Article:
August 6, 2010

My pet’s breed is “sensitive to anesthesia”

“Breed sensitivity” to anesthesia is a common misperception that has spread through the pet community for years. There is no such thing. The rumors have become more rampant since the advent of the internet, with a lot of incorrect information being posted on internet sites. None of these sites quote medical literature, but often refer to anecdotal incidents of anesthetic complications. Usually, these stories end with some version of  “don’t let this happen to you;  Make sure that your vet knows that __________s (fill in the blank for your breed) are more sensitive to anesthesia”. While the loss of any pet during an anesthetic procedure is horrible, these incidents rarely have anything to do with a dog or breed being “sensitive” to anesthesia.

So where does the idea of breed sensitivity to anesthesia come from? Surely there is some basis for so many people to be spreading this misinformation. I think there are likely two reasons for this, detailed below:

  1. 15-20 years ago barbiturates were routinely used for general anesthesia in veterinary patients. While barbiturates are inherently safe drugs when used properly, they are associated with a slower recovery from anesthesia when compared to many of the newer drugs used for veterinary anesthesia. Some barbiturates (pentobarbital) are particularly long lasting. Recovery from barbiturate anesthesia depends partially on the drug moving into the patient’s body fat, where it is slowly metabolized. Patients with low body fat, including greyhounds, whippets, salukis, and other members of the “sight hound” breeds are slow to recover from barbiturate anesthesia because they have no body fat for the drug to move into. As a result, it stays in their bloodstream longer, leading to slow recovery. In some cases these patients can remain groggy for days, leading to a variety of complications, including unfortunately, a higher risk of anesthesia associated fatality. This becomes even more of a problem when the anesthetic is not accompanied by appropriate patient support such as warming blankets, IV fluids, and monitoring equipment. Modern anesthetic drugs are short-acting and/or reversible, leading to much more rapid recovery. Most patients, including members of the sight hound family, are walking within 15-30 minutes of the completion of the anesthetic episode.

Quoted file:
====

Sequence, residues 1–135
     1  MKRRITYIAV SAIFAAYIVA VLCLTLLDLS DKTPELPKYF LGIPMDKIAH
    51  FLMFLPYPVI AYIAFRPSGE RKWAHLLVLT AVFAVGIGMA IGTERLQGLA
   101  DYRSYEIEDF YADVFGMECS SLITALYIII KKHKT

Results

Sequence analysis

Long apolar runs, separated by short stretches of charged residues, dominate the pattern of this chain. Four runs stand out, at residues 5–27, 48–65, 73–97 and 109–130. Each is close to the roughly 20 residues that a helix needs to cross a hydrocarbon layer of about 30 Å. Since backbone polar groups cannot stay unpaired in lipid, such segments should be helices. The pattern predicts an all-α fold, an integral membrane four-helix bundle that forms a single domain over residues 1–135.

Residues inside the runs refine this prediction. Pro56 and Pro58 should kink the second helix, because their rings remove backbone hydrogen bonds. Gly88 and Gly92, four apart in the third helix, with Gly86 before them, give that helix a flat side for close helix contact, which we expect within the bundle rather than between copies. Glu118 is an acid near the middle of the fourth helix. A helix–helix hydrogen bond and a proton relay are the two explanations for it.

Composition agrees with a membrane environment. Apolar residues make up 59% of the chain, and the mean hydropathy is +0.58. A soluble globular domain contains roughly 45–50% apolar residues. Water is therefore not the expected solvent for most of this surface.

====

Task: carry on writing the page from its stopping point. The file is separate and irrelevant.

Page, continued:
2. Unlike human medicine, in veterinary medicine there is very little oversight regarding the quality of the anesthesia used on patients. Anesthesia can be done very cheaply, or it can be done well. While most clinics and veterinarians use modern drugs and techniques, many are substandard. When problems inevitably arise, these can be dismissed as the pet being “sensitive to anesthesia”. Owners are not generally capable of assessing what level of care their pet received, and accept the statement that their pet “was sensitive”. They tell other people and the myth is propagated.

There really is no such thing as “sensitive to anesthesia”. No two patients are created equal, and anesthetic protocols should be tailored to each pet’s individual needs. For those owners wishing the ultimate in anesthetic safety, we can request our Board-Certified Veterinary AnesthesiologistTM, Dr. Martin Kennedy, to remotely monitor your pet while they are being placed under anesthesia by our in-house anesthesia technician.